Never Play the Victim, Instead Develop Your Restaurant Business

Every restaurant closing or personnel change has a backstory you never read about in a magazine.

So much goes unsaid and unprinted. As an insider, I know. You may, too.

Challenges in the Restaurant Industry

I have heard a lot of talk and read a lot of texts lately about Brian Reinhart’s D Magazine article, “Dallas Dining Leaders Reflect on the End of Culinary Era – and Explain How to Start a New One.”

My clients from other cities are citing it.

The article ostensibly covers the fact that two of Dallas’s best new restaurants of 2022 did not make it to the end of 2023 as intended. One closed; the other separated from their chef.

More significantly, the article discussed challenges in the independent restaurant world in any major city: national corporate competition, high rent, and uninformed diners.

When we discussed this at my Restaurant Owners Success Club the members identified another challenge: food writers who only cover the birth or death of a restaurant, but nothing in between.

Finding Complete Restaurant Success

Viral texting about this piece came a week after I had lunch with another leading chef, who lamented the lack of education for today’s group of young chefs. “Where can they learn about all the things they really need to know about the business in order to be successful? If we don’t educate them now, who will have the chance to do great work in the future?”

This reminded me of another article, “The Restaurant Revolution Has Begun,” which appeared in the New York Times, written by Anthony Strong, chef/owner of Pasta Supply Co. in San Francisco, who figured out how to have a great business in 2024.

Until they know better, chefs focus on the plate. But that only gets them in the game – a restaurant owner has to learn a lot more to win the game.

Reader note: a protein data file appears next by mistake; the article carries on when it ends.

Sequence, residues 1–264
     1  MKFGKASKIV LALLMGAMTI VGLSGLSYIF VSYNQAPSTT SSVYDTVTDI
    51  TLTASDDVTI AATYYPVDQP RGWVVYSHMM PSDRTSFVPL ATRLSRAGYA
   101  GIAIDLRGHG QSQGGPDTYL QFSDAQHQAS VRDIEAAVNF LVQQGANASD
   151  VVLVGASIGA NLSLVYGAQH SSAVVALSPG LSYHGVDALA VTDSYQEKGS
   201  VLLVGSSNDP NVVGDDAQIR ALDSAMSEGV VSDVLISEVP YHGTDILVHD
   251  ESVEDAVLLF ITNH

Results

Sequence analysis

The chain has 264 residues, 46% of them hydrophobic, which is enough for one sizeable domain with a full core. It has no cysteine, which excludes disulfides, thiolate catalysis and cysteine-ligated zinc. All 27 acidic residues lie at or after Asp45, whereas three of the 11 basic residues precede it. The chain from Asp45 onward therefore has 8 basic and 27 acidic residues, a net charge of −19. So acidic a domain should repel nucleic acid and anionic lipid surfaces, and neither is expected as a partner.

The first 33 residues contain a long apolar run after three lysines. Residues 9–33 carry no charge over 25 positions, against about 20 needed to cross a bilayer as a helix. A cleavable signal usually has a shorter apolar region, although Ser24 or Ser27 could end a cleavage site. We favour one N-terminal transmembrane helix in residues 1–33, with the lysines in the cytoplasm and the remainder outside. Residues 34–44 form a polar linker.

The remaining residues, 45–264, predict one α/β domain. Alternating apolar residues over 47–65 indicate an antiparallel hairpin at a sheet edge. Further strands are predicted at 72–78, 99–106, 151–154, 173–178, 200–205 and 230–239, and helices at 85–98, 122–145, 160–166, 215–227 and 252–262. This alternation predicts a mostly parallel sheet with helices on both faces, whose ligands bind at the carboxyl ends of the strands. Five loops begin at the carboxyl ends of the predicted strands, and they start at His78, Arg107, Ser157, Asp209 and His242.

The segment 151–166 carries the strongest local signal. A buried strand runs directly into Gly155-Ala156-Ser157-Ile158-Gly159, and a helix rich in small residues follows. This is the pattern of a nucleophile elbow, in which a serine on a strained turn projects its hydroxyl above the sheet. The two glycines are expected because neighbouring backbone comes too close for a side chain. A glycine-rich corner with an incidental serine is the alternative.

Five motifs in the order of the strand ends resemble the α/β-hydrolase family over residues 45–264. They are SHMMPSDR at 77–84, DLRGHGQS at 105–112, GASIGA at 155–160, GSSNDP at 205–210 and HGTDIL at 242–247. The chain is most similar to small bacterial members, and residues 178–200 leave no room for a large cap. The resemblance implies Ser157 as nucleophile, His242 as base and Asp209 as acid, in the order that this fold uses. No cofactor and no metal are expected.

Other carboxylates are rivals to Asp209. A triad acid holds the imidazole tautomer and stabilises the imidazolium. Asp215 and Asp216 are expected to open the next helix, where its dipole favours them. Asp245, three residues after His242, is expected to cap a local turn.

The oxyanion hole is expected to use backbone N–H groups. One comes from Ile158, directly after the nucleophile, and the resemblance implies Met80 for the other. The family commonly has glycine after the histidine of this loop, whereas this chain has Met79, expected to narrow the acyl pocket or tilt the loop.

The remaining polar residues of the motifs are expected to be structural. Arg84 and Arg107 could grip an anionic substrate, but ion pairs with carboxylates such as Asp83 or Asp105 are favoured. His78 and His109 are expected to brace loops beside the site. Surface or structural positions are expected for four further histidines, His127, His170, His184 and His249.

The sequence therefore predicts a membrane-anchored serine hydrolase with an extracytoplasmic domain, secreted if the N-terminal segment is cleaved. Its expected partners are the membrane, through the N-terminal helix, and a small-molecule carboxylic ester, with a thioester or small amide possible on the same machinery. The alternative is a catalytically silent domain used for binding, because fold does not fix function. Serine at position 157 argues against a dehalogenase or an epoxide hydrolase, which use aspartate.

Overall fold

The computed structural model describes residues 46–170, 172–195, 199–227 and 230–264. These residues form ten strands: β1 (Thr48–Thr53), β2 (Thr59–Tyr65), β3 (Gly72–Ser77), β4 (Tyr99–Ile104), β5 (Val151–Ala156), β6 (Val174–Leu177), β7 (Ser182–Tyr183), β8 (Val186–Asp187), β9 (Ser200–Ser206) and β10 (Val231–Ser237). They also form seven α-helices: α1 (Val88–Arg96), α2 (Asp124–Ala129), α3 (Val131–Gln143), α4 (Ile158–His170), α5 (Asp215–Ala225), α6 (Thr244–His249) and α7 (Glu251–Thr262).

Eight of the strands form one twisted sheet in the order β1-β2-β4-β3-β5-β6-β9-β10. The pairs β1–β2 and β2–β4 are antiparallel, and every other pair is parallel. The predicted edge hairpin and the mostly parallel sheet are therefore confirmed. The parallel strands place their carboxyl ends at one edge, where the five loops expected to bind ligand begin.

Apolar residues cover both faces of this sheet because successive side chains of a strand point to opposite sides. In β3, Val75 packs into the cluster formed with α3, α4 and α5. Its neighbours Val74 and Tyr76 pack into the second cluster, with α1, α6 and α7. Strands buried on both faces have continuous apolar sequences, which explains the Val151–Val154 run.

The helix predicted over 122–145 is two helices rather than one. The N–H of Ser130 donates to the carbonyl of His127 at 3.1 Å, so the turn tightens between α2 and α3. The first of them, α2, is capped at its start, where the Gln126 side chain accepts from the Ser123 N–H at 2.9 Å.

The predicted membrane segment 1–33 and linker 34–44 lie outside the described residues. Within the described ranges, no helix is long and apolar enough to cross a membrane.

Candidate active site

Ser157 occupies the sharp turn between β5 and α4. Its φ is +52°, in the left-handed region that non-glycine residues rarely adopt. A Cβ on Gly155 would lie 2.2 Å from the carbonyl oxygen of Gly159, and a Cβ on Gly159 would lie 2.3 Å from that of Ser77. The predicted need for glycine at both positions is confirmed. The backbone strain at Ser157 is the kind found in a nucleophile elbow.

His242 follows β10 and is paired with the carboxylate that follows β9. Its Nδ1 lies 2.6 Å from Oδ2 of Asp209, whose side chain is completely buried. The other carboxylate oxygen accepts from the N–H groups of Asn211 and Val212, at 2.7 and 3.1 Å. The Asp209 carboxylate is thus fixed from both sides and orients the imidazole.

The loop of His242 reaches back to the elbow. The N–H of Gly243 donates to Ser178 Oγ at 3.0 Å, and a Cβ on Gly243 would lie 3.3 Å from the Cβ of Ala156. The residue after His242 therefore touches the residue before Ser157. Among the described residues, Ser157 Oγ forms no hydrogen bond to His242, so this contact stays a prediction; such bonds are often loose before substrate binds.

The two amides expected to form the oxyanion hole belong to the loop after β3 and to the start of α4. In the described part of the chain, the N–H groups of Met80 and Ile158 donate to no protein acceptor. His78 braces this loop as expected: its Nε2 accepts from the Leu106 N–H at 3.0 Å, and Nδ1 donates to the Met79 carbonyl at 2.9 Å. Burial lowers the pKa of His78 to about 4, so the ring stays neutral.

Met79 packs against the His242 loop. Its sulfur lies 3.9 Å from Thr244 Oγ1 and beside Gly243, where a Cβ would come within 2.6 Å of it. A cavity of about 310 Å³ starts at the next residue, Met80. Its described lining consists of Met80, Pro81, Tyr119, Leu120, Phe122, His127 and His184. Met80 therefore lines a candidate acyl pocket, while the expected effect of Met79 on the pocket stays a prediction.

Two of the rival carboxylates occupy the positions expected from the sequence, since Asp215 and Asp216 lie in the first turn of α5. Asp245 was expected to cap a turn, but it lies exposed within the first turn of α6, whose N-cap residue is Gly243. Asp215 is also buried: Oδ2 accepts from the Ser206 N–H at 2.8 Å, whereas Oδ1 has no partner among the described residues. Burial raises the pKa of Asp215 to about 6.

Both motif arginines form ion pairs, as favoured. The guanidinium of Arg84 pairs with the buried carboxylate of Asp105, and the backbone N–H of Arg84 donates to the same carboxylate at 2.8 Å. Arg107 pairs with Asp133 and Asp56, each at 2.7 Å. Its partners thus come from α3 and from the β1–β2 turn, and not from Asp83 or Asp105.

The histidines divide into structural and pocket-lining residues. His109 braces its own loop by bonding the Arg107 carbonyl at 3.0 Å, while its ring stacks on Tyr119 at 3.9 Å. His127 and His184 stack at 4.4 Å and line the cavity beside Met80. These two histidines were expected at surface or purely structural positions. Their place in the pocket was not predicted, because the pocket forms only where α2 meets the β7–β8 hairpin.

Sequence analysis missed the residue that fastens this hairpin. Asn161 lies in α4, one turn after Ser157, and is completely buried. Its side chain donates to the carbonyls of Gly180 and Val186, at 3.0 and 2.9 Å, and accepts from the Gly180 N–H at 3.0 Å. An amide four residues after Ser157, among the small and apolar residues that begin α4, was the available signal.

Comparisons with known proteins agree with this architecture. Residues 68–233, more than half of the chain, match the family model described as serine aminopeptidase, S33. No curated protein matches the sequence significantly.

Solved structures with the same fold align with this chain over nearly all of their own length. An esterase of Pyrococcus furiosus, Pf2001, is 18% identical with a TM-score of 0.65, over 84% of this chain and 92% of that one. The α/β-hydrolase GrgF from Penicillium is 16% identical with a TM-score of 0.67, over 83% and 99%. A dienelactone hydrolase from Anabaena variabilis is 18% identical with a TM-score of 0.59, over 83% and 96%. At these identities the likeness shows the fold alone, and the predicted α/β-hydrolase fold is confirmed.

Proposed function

People who take personal responsibility never play the victim. They don’t blame the market, real estate, or social media.

Many restaurateurs still lack understanding about available help. A huge network of people can solve just about any challenge that exists and can educate operators on the things they need to know but don’t know yet.

This prevents closures – or being kicked out of your own deal.

A complete restaurant success takes not just food, service, and atmosphere, but real estate, money, business, management, leadership, culture, systems, risk management, inspiration, marketing, information, and hospitality.

Not many people master all of those – and no one does at the beginning of their careers.

“The answer” involves continually gaining and building understanding of all aspects of our business. 

Providing that is what I do every day.

Freedom and flexibility guide for restaurateurs.

What’s the point of owning a successful restaurant business if you don’t have freedom?

Download Matthew Mabel's Freedom and Flexibility Guide for Restaurateurs to learn how to...

  • Step away for extended periods of time
  • Contribute to your community in a unique way
  • Spend more time with friends and family
  • Travel for weeks at a time
  • Split your residence at a vacation home for several months a year